What is the logistic weakness of PGP and PKI systems?
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Before I answer this question, let's review some definitions so that we're clear about what weaknesses we're looking at. PKI, or public key infrastructure, is a framework for services that provide for the generation, distribution, control and accounting of public key certificates. This public key system ensures secure user authentication, network traffic encryption, data integrity and non-repudiation. PGP meanwhile is an application actually derived from the IETF open standard OpenPGP. Like PKI systems, OpenPGP uses both public-key cryptography and symmetric key cryptography, but the program differs in how it vets and binds public keys to user identities. Unlike PKI arrangements, OpenPGP is based on a web of trust rather than certificate authorities (CA). OpenPGP allows users to choose who they trust, whereas users in a PKI system defer to a trusted CA. Commercial CAs, however, need to ensure that their own certificate is incorporated into the major browsers and messaging applications in order to provide this chain of trust. Finally the definition of logistics is the activity of supplying or providing something, and in the case of OpenPGP and PKI, this would be considered the efficient management, distribution and validation of a public key contained within a user's certificate.
So what are the weaknesses of these two systems in terms of managing, distributing and validating digital certificates? Well, while PKI can identify Web servers and allow transactions over SSL, it lacks large-scale acceptance because the cost and registration process involved with "supplying and providing" client-side certificates is burdensome. Additionally, the management and revocation of certificates requires a highly complicated structure, not to mention scalability brings additional costs of computer resources and help desk support. On the other hand, PGP has flourished for many years without the need to establish a centralized CA because OpenPGP makes use of the concept of trusted introducers, allowing anyone to sign anyone else's public key. This decentralized approach removes the cost of CAs from the delivery process, but still requires key servers to act as public repositories so that everyone can reference users' public keys.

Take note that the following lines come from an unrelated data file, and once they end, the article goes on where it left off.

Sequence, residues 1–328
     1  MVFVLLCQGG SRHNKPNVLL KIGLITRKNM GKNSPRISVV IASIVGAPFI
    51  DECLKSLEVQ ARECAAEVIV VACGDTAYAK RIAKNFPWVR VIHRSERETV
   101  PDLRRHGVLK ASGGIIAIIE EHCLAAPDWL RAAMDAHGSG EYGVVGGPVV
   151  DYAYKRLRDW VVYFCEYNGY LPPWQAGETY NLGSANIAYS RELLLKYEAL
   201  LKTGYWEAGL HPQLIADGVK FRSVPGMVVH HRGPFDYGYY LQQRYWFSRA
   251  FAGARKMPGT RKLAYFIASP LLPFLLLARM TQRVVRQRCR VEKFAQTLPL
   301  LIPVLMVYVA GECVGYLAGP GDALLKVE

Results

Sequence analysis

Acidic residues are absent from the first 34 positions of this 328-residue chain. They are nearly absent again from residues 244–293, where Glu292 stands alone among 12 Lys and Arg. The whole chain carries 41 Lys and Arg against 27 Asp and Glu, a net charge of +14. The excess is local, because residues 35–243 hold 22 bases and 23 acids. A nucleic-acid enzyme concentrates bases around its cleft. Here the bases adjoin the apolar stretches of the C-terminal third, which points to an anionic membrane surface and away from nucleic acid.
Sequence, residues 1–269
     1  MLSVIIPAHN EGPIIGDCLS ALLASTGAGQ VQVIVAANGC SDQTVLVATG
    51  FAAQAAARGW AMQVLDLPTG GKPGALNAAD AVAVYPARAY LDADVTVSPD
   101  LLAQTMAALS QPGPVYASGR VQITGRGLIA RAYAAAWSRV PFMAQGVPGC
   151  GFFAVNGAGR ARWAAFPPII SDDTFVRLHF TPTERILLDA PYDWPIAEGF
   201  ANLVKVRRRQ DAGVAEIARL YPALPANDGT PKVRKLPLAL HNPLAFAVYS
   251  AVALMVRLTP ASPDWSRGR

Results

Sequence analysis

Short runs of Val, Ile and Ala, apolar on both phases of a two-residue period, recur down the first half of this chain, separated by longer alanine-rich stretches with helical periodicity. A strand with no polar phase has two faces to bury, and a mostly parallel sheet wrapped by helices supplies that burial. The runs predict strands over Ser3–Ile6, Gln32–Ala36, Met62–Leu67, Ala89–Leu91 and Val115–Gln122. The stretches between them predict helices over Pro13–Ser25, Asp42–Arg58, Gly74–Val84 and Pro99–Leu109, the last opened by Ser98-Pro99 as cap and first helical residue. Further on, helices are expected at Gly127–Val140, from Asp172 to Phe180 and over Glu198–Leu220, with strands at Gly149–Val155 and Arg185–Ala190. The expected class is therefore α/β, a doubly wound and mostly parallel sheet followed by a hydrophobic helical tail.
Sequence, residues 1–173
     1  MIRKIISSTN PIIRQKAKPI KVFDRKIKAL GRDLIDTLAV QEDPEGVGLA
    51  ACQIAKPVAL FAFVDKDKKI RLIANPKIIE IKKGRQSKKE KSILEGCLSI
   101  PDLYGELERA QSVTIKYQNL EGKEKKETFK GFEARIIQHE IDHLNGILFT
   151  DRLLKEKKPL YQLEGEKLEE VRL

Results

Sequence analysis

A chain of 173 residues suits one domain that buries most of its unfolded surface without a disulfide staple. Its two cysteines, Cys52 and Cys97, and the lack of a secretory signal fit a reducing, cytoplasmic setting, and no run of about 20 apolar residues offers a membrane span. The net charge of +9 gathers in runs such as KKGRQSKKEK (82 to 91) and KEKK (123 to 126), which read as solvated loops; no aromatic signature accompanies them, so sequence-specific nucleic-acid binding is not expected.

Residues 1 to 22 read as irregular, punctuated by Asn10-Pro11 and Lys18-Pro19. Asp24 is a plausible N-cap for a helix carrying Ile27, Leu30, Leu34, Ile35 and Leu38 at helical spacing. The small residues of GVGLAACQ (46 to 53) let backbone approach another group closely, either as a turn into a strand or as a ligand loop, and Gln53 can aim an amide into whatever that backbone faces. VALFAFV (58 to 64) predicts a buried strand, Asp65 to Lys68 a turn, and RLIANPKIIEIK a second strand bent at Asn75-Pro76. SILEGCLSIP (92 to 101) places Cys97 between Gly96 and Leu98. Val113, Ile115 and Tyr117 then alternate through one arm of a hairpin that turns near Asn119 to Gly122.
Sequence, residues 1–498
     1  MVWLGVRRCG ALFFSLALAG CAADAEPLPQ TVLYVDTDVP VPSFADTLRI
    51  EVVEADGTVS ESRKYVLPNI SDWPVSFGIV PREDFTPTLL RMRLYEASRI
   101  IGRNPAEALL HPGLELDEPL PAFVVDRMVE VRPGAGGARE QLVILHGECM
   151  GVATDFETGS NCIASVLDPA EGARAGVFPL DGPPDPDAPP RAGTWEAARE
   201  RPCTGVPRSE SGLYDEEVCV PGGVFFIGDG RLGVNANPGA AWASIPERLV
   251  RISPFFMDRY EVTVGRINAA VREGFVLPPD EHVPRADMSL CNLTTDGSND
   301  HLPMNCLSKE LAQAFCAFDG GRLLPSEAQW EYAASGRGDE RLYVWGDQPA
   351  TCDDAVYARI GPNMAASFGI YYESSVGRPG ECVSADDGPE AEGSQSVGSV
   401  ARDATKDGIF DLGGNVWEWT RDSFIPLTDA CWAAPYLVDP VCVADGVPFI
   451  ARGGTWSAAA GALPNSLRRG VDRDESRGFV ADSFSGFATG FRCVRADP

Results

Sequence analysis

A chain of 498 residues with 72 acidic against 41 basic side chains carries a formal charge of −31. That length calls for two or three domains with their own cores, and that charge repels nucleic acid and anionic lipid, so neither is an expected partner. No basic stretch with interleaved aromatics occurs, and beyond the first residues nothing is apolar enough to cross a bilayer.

Most modern applications well-manage X.509 digital certificates used by PKI systems, even when it comes to the less experienced user. Non-interoperability is becoming less of a problem, too. There are plug-ins implementing PGP functionality for the more popular email applications, such as Microsoft Outlook, but a plug-in is always susceptible to implementation errors.
Although neither PKI nor OpenPGP are perfect, (neither arrangement has economically solved the problem of user certificate mobility and security, for example), the programs provide defense to original Internet protocols that don't have built-in security. They also ensure secure data and message sharing. When it comes to sensitive data, not using either is always going to be a risk.
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